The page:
Georgetown Village: Who’s Pool Is It Anyway?

“…and what about the pool?” the excited, but naive, 26 year old was buying his first home and he couldn’t wait to tell his fiance all about it.

“Well, that is a community pool and you can swim in it anytime you want!” mentioned Tim, the slick salesman for David Weekley. His Otis Spunkmeyer cookies were warm and freshly baked and the air conditioning inside was blasting…I couldn’t resist….he had me….I had to buy the home.

The year was 2002, and Georgetown Village was just starting to take off. After relocating from Arizona and attending Military Intelligence Officer Advanced Course, my next assignment lead me to Ft. Hood, Texas. I fell in love with this cute neighborhood located on the Northwest side of Georgetown, Texas and the concept of unlimited swimming in a heated pool certainly had it’s appeal. Unfortunately, it wasn’t until after I signed the dotted line did I find out that this was a CITY POOL and not a COMMUNITY POOL with unrestricted 24 hour access.

Now, 6 years later, the developer is making the same mistake.

So how do you know if neighborhood marketing is a little too good to be true? The residents are a good litmus test for this. On the community website, here’s one comment by a resident:

Has anyone heard the ad on the radio for Georgetown Village? It is very nice and appealing – but the line that gets me is “Swim on a whim”.

Is there a new pool that has been built that I do not know about?

Because having a pool that is only open 3 months a year, only 6 days a week and for only 6 hours each of those days – does not constitute swimming on a whim.

My friend, David, joking made the sarcastic comment to me last night, “Hey check it out, we have a community pool and community center now!”

Bottom Line: Although this promotion is great for Georgetown Village, it’s important to be diligent in accurately promoting the amenities of a neighborhood. The developer, builders and real estate agents have that obligation to the future buyers of our great community. If the developer is promoting it as a community pool, I say, buy it back from the city or build another one! Most Georgetown Village residents want it and so will future ones.

Comments

  1. Jason Crouch says:

    Edward – Nicely done on this post, my friend. Any pool that is only open for 36 hours per WEEK does not constitute swimming “on a whim”, unless your whim always strikes between 1 and 7pm, and never on Tuesdays. Terrible!

  2. Clark Wilson says:

    Edward,
    Thank you for keeping me informed. As you know the prior developer deeded the pool to the City. We are reaching out to the city to see if we can subsidize the hours for the pool. We have big plans for a resort style pool in Section 9 (area we are building on the east side of Shell). The new pool will be part of a new HOA that will be mandatory for future new home sales in future sections. We are going to have a voluntary system for current residents to join the new pool when it is brought on as we build out sec 9. I hope this helps and once again thanks for the heads up.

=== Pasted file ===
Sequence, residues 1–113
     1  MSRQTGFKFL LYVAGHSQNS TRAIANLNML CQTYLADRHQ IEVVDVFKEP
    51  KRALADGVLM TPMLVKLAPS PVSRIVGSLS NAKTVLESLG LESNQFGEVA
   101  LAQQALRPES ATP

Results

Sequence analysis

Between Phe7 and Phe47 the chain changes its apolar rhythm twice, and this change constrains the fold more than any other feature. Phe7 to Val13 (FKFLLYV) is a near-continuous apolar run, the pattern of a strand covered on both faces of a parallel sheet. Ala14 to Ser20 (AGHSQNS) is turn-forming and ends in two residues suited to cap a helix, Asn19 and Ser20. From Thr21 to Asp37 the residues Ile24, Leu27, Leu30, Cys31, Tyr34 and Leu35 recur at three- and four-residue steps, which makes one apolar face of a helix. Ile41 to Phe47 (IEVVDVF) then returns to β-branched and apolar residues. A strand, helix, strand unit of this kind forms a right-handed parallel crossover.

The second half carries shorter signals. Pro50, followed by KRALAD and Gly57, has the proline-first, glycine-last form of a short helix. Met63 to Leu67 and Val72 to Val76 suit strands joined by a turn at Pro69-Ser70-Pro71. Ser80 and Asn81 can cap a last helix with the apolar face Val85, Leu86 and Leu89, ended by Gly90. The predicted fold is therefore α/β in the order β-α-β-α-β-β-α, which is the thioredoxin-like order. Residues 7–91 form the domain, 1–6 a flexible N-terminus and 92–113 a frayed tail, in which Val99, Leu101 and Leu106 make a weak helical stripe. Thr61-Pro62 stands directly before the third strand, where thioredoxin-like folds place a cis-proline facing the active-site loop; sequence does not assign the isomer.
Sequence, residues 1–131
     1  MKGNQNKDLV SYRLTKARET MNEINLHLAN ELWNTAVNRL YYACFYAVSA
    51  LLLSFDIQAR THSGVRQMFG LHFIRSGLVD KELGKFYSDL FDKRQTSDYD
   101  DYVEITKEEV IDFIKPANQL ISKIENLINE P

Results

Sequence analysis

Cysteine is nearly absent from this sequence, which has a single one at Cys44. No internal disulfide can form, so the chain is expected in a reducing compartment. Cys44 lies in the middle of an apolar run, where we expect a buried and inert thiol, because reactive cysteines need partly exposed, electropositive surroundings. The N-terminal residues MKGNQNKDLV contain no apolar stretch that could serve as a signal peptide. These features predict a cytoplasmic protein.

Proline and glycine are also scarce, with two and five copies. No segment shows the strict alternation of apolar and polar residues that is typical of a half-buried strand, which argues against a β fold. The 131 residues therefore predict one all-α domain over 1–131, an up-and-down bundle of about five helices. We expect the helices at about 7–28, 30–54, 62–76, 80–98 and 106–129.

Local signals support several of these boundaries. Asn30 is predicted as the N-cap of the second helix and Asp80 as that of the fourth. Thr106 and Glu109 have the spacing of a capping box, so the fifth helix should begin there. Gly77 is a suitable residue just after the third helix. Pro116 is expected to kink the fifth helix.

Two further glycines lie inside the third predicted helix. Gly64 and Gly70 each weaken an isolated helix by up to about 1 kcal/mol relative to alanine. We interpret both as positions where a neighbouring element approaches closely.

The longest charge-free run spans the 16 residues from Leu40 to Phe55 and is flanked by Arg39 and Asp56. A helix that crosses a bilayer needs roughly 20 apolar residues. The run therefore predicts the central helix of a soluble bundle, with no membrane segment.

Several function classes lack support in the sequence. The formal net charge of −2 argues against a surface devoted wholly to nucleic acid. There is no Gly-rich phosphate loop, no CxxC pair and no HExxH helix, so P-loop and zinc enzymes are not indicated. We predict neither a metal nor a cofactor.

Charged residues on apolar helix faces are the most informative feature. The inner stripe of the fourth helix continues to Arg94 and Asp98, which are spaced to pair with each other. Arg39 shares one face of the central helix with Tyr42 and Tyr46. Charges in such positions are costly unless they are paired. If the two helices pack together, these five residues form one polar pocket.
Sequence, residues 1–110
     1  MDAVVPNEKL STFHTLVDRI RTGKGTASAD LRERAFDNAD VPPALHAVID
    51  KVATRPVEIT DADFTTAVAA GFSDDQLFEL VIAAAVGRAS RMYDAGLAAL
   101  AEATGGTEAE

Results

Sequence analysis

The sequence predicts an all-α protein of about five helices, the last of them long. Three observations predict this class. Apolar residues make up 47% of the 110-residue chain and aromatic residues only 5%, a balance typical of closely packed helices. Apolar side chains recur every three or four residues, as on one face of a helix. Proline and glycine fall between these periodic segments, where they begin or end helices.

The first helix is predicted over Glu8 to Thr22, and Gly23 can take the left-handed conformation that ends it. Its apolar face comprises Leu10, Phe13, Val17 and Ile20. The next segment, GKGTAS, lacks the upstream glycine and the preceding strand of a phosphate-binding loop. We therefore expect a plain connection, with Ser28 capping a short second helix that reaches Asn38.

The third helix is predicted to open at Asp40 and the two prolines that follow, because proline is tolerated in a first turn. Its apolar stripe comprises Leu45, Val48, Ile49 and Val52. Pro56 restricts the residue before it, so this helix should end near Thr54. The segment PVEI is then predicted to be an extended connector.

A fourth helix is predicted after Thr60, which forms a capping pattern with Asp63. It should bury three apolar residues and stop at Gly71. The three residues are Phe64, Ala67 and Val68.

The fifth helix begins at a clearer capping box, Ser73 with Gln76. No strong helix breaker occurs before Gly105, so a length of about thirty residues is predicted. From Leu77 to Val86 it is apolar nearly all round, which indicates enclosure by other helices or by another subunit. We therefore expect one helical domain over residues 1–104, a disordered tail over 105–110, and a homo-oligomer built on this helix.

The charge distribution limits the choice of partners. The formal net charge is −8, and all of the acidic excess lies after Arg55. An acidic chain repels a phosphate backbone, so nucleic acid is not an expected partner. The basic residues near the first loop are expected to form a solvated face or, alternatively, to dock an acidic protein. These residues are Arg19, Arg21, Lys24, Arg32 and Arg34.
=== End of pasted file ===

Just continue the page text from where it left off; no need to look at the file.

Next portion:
Clark Wilson

  3. David T. says:

    Buy it back! I think we could get a really good deal on the pool if we bought it from the city? According to all of their statements, it is a money pit and the crummy hours are a result of the lack of funds to man the pool. By the way, I am just dreaming.

  4. Your favorite HOMEboy says:

    That’s all I hear too…that the city has no money for lifeguards, hence the crummy hours, yet the High School gets to use it all the time…go figure. It’s ok to dream David, maybe Clark Wilson can help make your dreams come true!

  5. The problem as I have understood it isn’t that the city doesn’t have the money to fund the lifeguards, but rather they never have enough lifeguards due to a lack of applicants. In my opinion, whomever is in charge of recruiting lifeguards isn’t doing a very good job and he/she doesn’t seem to learn his/her lesson year after year.

  6. Lack of funds results in low wages. Hence, the lack of applicants. Simple economics could solve the lifeguard shortage. Unfortunately it might cost my family $40 to swim on a whim.
    At any rate, Laura is correct in saying poor management is ultimately to blame. The school has no problem utilizing the pool and neither does the nightly water aerobic participants. I would like to know how to get the pool into the hands of the residents and how much accomplishing the task would cost?
    I nominate Edward to spearhead the movement.

  7. Your favorite HOMEboy says:

    On such a large project, it would take a committee to spearhead something like this. David, you can be my co-chair.

    My other suggestion is that we can apply for the lifeguard position and just let our families in and have our own water aerobics class. What a great way to make some extra cash too! Who wants to sign up?

  8. Off topic, but where can I find the community website. I’m a resident who would like to connect with my neighbors better.

    Thanks!

  9. Your favorite HOMEboy says:

    Jessica, thanks for commenting on my blog!

    The website is http://www.myfamily.com and then you’ll need a login/password. Email Rose King for it. Her email is mexifriend@verizon.net.

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